|Endocytosis and Exocytosis|
Endocytosis is used by cells to move water, macro molecules, or larger objects, such as cell fragments or even whole cells, from outside a cell to the inside of the cell. Exocytosis is the reverse of endocytosis, that is, the movement of materials from the inside to the outside of the cell. Both types of transport move the materials using membrane-bound vesicles.
In endocytosis, during which materials are moved into a cell, the cell’s plasma membrane engulfs material and packs it into saclike structures called vesicles. The vesicles then detach from the plasma membrane and move into the cell.
Once the vesicle is in the cytoplasm, it will typically fuse with some other membrane-bound organelle, such as a vacuole or the endoplasmic reticulum, and release its contents into the organelle. There are three types of endocytosis: phagocytosis (transport of actual particles), pinocytosis (transport of water, along with any solutes in the water), and receptor-mediated endocytosis (explained in detail below).
In receptor-mediated endocytosis, specific macro molecules outside the cell attach to the binding sites of receptor proteins. These receptors are embedded in the plasma membrane in specialized regions called coated pits. The macromolecules contact and bind with receptor proteins in the pit.
The coated pit deepens inward to the cytosol and eventually is pinched off as a coated vesicle inside the cell. Coated vesicles contain the receptor proteins and whatever molecules they are importing and are coated on the outside by a protein called clathrin.
After the contents of the vesicle are released inside the cell, the receptor proteins are reused to form new coated pits. Receptor-mediated endocytosis is especially useful for importing specific molecules, even when they are present at low concentrations.
Endocytosis is more difficult in plants than in animals because the plasma membrane of a plant cell is usually pressed against the rigid cell wall by turgor pressure, which hinders the plasma membrane from invaginating into the cytosol.
Nevertheless, plant cells do have coated pits, and experiments with isolated protoplasts (plant cells without their cell walls) suggest that receptor-mediated endocytosis works in plant cells much as it does in animal cells.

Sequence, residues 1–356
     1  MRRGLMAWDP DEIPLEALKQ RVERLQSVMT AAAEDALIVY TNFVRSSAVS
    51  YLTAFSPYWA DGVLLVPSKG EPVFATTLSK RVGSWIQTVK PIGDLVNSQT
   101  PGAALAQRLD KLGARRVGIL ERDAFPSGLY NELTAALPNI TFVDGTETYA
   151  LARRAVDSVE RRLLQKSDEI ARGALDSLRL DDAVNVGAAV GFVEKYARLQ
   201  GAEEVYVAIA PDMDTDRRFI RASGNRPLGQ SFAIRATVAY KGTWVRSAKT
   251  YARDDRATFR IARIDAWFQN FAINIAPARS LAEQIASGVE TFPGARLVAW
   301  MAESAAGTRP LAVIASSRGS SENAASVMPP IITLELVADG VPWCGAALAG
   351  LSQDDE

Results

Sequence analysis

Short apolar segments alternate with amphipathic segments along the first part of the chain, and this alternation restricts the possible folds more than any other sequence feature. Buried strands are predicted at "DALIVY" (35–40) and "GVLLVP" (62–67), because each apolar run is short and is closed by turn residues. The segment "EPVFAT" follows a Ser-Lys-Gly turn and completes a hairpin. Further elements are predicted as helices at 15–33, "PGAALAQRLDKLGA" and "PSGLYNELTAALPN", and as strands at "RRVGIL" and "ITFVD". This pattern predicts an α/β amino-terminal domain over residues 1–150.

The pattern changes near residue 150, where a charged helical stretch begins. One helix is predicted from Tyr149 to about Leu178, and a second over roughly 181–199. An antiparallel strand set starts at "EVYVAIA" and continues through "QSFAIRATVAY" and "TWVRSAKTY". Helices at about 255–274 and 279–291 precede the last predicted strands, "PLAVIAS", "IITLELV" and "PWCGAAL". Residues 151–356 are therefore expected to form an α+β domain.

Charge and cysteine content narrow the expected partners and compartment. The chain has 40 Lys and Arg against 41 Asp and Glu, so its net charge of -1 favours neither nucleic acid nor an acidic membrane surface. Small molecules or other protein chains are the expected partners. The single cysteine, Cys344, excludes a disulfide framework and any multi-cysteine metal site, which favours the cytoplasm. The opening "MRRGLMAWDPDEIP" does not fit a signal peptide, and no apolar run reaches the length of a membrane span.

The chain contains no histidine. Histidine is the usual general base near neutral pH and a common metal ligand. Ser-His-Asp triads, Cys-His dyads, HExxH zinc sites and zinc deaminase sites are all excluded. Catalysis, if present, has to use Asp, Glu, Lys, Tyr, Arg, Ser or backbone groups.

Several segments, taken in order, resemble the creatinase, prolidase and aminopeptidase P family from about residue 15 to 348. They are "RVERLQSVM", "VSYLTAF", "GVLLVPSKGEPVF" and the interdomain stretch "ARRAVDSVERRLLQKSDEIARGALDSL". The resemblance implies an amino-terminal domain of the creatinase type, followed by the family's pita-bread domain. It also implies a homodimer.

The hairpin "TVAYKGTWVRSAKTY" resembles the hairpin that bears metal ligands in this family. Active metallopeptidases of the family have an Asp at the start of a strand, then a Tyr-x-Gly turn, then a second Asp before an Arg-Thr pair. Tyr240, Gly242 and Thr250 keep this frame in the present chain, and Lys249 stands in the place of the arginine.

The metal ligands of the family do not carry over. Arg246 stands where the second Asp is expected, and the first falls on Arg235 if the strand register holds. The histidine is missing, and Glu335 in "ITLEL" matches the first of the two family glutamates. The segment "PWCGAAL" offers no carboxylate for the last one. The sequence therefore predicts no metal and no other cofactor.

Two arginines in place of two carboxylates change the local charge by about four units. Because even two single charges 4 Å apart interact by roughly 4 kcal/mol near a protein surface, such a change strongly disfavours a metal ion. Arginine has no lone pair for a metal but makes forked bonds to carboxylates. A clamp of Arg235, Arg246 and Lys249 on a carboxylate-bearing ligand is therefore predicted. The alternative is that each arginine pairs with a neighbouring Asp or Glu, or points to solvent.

In a special form of phagocytosis, symbiotic nitrogen-fixing bacteria (rhizobia) colonize root cells in legumes. First, root hairs surround rhizobia cells in a ball-like mass. Next, infection threads, composed of an extended portion of the cell membranes of the cell being invaded, are formed.
The bacteria multiply inside the thread, which extends inwardly and penetrates through and between cortex cells. In the inner cortex cells, portions of the thread wrap around groups of bacteria in vesicles, which pinch off into the cytosol. A membrane which forms around a group of bacteria is called a bacteroid.
Some vesicles contain structural proteins and polysaccharides, whereas other vesicles, such as vacuoles, contain digestive enzymes. Each vesicle attaches to the plasma membrane. The site where it attaches opens, and the materials in the vesicle are dumped out of the cell. The vacated vesicle straightens and becomes a part of the plasma membrane.
A problem arises if vesicles continually fuse with the plasma membrane, because large amounts of new membrane being added can double the amount of plasma membrane every thirty minutes, and the plasma membrane has little room to expand in cells with rigid cell walls. Nevertheless, plants cells regularly recycle excess plasma membrane via endocytosis.
Roles of Endocytosis and Exocytosis
|Roles of Endocytosis and Exocytosis|
Inside the endosperm cells, the enzyme-containing vesicle fuses with an amyloplast, a plastid specialized for storage of starch, where the enzymes hydrolyze starch into glucose.
Exocytosis of macromolecules plays other important roles in plants. For example, polysaccharides and proteins that are exported become structural components of cell walls.
After cell division, exocytosis by secretory vesicles builds primary cell walls between newly divided nuclei. Epidermal cells of leaves extrude waxy substances onto leaf surfaces to minimize transpiration. Root-tip cells exude slimy polysaccharides to lubricate their movement as they grow and penetrate the soil.
Exocytosis of other substances by specialized cells also plays many roles in plants. For example, exocytosis is involved in the secretion of nectar by flower cells to attract pollinators. Exocytosis is also the process whereby oils are emitted by aromatic flowers, herbs, and spices. Such oils function both as attractants for pollinators and as defenses.
For example, oils emitted by mustard plants irritate many animals, thus preventing many herbivores from eating them. Lignin, which is more rigid than cellulose and strengthens woody tissue, is expelled via exocytosis in woody plants and then accumulates in the middle lamella and cell walls.
Enzymes that digest insects are released by the leaf cells of carnivorous plants, such as Venus’s flytrap. Root exudates are released by some plants in response to environmental stress or to deter the growth of other plant species nearby.
Phytoremediation uses plant roots to clean polluted soil and water. They can remove, by endocytosis, and degrade both small organic molecular pollutants (ammunition wastes, chlorinated solvents, and herbicides) and large organic molecular pollutants (crude oil and polyaromatic hydrocarbons) in the environment. The degraded products can then be incorporated in the plant’s tissues.